Mental Retardation Caused by Genetic Disorder can Be Reversed by Drug

by Rajshri on  June 24, 2008 at 4:00 PM Drug News   - G J E 4
 Mental Retardation Caused by Genetic Disorder can Be Reversed by Drug
A drug approved by the FDA can reverse the brain dysfunction inflicted by a genetic disease called tuberous sclerosis complex (TSC), researchers at the University of California, Los Angeles (UCLA) have found.

Since 50 percent of TSC patients also suffer from autism, the findings offer new hope for addressing learning disorders due to autism, according to researchers.

Using a mouse model for TSC, the researchers tested rapamycin, a drug approved by the FDA to fight tissue rejection following organ transplants.

Rapamycin is well-known for targeting an enzyme involved in making proteins needed for memory and researchers went for it because the same enzyme is also regulated by TSC proteins.

"This is the first study to demonstrate that the drug rapamycin can repair learning deficits related to a genetic mutation that causes autism in humans. The same mutation in animals produces learning disorders, which we were able to eliminate in adult mice," Nature quoted principal investigator Dr. Alcino Silva, professor of neurobiology and psychiatry at the David Geffen School of Medicine at UCLA, as saying.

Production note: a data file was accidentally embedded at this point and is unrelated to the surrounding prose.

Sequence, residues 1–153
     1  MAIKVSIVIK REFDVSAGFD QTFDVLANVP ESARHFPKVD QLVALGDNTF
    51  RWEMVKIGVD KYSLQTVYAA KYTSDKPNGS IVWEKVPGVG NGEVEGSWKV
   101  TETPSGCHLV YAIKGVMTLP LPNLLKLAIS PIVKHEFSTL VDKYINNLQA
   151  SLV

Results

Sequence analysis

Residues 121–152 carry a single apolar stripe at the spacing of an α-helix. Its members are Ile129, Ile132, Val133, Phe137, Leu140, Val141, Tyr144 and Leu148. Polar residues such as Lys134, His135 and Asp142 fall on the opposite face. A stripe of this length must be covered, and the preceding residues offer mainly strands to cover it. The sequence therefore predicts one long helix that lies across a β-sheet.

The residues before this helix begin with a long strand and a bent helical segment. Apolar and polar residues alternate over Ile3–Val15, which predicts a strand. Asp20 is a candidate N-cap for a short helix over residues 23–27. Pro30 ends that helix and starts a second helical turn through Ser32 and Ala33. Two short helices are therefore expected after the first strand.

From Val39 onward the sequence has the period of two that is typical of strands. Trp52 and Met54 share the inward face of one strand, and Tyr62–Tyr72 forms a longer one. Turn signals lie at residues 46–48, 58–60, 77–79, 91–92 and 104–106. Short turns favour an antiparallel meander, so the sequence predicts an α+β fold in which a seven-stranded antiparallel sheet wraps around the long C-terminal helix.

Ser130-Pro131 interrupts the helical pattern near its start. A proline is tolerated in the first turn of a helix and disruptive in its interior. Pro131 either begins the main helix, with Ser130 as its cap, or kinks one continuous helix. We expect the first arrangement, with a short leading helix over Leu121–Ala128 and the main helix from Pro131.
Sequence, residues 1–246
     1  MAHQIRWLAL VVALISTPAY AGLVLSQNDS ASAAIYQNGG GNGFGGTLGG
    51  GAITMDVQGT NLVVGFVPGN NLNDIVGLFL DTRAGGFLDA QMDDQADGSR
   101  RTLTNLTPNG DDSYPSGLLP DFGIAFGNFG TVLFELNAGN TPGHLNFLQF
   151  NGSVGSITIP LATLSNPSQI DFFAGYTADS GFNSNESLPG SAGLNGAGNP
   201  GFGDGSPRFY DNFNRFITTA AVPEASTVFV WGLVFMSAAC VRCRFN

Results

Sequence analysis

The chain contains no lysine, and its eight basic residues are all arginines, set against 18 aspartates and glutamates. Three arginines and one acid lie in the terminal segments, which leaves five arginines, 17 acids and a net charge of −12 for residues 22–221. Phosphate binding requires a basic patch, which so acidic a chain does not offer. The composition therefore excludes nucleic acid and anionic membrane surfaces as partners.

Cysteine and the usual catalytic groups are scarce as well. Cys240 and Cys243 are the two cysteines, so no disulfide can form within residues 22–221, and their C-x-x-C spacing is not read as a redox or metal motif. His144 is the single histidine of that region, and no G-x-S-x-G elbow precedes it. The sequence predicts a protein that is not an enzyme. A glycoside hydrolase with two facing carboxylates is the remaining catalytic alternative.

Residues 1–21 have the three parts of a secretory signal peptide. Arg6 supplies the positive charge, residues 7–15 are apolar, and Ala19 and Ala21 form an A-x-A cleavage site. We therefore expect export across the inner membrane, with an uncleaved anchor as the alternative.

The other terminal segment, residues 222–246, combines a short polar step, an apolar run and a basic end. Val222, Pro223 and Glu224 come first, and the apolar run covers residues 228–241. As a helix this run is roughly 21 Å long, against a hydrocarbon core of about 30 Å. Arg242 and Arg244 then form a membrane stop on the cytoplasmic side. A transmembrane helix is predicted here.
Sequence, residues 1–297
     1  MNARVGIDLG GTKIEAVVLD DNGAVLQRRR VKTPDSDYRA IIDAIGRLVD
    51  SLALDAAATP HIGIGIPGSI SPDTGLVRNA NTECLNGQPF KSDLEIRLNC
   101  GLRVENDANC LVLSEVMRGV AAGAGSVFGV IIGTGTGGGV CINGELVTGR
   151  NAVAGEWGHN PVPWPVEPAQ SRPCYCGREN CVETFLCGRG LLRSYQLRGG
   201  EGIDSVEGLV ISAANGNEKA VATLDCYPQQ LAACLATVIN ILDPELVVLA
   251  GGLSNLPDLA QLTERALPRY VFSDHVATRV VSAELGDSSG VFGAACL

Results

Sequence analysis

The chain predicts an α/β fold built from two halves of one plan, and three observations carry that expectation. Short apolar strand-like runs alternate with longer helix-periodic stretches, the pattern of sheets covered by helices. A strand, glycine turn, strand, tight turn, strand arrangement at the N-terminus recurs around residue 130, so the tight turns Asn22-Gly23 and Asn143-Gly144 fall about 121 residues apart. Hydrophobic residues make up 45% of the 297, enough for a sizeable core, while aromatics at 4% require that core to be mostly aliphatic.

"Our work and other recent studies suggest that some forms of mental retardation can be reversed, even in the adult brain," Silva added.

First author Dan Ehninger, postgraduate researcher in neurobiology, said: "These findings challenge the theory that abnormal brain development is to blame for mental impairment in tuberous sclerosis."

"Our research shows that the disease's learning problems are caused by reversible changes in brain function -- not by permanent damage to the developing brain," Ehninger added.

Researchers studied mice bred with TSC and verified that the animals suffered from the same severe learning difficulties as human patients.

Next, the UCLA team traced the source of the learning problems to biochemical changes sparking abnormal function of the hippocampus, a brain structure that plays a key role in memory.

"Memory is as much about discarding trivial details as it is about storing useful information. Our findings suggest that mice with the mutation cannot distinguish between important and unimportant data. We suspect that their brains are filled with meaningless noise that interferes with learning," Silva said.

Ehninger said: "After only three days of treatment, the TSC mice learned as quickly as the healthy mice. The rapamycin corrected the biochemistry, reversed the learning deficits and restored normal hippocampal function, allowing the mice's brains to store memories properly."

The study is published in the online June 22 edition of Nature Medicine.

Source: ANI

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